Engaging bystanders in sexual violence prevention

In 1964, the rape and murder of Kitty Genovese shocked Americans from coast to coast. While a man attacked, raped, and killed this young woman for over half an hour, 38 men and women witnessed the assault and did nothing to help. The shock and confusion surrounding this single event captured the country’s attention. It launched a substantial debate into how caring people could watch such an attack, and yet do nothing. This one event launched new research and programs about the ‘bystander effect’.

This one event also marked the beginning of an approach by programs and researchers to move bystanders to act more responsibly. People in a bystander role often describe feeling scared, alone, and afraid to say or do something in the face of violence. They say that they fear making someone angry, possibly misunderstanding the situation, or even triggering further violence. Yet over the years, the bystander approach has recognised that saying or doing something is not necessarily a single event by a single hero. In fact, in many situations, there are a variety of opportunities, and numerous people who can choose to intervene.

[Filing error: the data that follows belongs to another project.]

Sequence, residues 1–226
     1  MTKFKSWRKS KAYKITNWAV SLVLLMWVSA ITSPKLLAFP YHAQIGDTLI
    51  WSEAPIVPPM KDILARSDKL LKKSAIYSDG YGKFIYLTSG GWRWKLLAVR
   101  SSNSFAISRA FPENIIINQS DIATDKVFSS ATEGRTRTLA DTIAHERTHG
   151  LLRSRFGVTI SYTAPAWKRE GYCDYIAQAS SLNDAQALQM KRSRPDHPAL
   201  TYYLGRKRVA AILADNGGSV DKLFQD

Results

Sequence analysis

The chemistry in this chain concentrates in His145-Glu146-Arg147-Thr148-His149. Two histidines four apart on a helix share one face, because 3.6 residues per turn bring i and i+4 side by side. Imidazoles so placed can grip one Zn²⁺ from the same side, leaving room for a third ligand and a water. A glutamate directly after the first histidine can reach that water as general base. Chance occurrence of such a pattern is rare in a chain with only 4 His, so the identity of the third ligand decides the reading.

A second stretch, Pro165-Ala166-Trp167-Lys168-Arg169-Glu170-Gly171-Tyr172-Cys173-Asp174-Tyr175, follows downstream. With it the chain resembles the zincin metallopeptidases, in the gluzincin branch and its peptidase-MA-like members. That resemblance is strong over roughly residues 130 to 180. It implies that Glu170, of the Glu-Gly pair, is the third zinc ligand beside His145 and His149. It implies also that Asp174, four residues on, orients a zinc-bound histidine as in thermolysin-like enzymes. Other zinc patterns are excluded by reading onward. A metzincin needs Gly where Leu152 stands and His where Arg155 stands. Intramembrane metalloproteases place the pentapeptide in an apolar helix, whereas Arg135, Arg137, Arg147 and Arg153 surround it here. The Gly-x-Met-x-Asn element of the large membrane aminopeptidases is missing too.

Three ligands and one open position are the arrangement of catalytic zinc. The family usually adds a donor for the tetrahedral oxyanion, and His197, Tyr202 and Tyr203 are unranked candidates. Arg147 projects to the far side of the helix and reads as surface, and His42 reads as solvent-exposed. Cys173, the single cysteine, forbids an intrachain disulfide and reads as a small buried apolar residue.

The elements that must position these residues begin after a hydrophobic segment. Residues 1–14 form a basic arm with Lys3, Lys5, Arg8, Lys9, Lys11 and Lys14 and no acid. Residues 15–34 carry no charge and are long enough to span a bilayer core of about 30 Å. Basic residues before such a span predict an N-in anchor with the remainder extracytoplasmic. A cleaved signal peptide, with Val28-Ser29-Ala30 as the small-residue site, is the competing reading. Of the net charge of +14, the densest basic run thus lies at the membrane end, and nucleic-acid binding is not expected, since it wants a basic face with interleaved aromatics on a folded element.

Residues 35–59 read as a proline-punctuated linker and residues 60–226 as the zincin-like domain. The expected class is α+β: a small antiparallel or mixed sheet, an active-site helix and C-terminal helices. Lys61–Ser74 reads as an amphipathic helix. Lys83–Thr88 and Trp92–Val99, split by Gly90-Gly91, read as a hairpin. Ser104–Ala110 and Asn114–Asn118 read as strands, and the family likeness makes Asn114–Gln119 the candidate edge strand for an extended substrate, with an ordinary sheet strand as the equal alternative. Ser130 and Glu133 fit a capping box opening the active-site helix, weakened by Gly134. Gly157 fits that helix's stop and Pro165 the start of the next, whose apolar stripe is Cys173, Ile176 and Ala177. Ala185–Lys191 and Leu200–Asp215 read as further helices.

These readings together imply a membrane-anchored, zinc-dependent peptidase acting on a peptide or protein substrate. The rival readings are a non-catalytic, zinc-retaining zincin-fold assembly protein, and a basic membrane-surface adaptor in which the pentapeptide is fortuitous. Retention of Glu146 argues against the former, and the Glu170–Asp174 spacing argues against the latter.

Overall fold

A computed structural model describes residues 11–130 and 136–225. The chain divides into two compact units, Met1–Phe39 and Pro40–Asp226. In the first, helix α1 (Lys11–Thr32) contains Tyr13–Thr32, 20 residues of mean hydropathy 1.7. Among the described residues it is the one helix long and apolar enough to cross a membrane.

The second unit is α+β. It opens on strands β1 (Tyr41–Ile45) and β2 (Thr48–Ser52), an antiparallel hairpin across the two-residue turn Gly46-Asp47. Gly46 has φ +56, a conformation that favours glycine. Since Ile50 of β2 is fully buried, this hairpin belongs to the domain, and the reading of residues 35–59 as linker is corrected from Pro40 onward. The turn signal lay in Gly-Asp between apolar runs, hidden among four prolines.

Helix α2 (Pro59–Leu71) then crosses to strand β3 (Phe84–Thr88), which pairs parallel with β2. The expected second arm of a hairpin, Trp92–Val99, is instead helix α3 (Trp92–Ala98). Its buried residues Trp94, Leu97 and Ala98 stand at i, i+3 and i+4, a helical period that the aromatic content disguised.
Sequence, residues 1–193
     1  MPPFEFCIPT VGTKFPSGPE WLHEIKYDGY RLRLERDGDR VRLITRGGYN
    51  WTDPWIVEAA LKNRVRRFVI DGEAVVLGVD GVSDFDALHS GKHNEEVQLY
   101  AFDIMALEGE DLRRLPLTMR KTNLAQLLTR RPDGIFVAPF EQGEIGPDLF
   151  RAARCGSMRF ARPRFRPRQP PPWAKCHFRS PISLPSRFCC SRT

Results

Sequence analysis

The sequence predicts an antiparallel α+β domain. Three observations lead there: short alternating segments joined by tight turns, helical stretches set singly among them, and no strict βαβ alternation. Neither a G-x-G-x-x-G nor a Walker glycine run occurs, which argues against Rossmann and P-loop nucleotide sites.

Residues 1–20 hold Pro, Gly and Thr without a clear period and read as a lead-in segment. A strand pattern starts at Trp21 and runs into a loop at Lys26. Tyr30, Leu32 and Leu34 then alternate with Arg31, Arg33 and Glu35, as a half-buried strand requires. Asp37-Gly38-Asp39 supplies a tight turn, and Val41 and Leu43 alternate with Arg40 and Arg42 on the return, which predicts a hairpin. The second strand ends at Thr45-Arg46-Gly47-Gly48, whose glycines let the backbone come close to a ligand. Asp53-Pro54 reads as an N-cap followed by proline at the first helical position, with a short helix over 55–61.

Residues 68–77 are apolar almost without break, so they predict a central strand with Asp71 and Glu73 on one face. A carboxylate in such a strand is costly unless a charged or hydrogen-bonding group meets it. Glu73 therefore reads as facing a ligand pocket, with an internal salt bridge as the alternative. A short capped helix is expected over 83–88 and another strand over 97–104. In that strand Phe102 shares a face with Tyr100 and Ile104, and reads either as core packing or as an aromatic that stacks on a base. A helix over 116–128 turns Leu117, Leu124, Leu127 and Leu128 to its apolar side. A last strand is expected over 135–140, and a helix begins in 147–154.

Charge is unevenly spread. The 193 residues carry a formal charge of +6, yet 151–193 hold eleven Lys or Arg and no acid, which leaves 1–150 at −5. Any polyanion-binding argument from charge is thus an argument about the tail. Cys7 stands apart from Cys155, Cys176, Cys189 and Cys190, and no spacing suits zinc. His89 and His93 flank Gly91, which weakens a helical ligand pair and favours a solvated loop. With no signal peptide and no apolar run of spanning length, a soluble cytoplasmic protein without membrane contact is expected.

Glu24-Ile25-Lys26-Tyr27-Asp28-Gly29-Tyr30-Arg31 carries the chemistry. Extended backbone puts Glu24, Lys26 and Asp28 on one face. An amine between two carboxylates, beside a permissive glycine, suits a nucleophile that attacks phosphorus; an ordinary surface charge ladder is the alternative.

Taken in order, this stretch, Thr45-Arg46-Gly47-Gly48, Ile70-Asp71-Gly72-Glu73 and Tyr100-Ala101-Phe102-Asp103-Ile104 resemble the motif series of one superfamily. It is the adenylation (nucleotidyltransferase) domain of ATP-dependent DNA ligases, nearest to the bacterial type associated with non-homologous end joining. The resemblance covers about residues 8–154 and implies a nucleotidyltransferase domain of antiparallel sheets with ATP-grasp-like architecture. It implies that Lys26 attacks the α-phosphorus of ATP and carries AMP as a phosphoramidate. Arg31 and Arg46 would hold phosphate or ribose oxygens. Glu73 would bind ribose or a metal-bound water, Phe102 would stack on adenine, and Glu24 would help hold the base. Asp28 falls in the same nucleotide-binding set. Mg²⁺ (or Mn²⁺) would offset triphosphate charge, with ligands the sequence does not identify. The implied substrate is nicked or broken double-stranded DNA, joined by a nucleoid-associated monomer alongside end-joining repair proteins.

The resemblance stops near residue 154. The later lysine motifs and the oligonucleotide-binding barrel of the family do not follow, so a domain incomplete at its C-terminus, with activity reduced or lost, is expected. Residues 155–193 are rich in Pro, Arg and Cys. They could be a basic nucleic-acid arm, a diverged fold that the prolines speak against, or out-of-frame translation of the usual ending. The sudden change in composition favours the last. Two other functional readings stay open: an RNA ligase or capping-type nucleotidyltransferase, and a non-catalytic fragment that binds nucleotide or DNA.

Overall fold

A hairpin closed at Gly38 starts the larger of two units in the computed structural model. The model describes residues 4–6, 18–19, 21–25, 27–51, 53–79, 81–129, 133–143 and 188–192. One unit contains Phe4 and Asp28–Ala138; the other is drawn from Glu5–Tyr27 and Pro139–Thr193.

bystander approach

The bystander approach

Although some anti-sexual violence groups focus much of their efforts on stopping victimisation and others on stopping perpetration, both approaches share common goals. The main goal is usually to create a safe community and to hold the perpetrator responsible for his or her crime. Much of the important work in both fields takes place AFTER someone has been harmed. However, with the bystander approach, the work is broadened to address the behaviours of others. The friends, families, teachers, clergy, and witnesses that surround any act or pattern of abuse. This thus offers an opportunity to address behaviours BEFORE sexual violence has been perpetrated in the first place.

This resource was published by the National Sexual Violence Resource Centre in 2009. It describes how the the bystander approach offers several clear benefits, including

  • Discouraging victim blaming.
  • Offering the chance to change social norms.
  • Shifting responsibility to men and women.

This booklet outlines how we can start moving towards this, including activity briefs and programs for use at an individual, group, community and societal level.

Download the PDF [PDF 933.1KB] or view it below.

Last modified: Saturday, 7 September 2019, 6:53 PM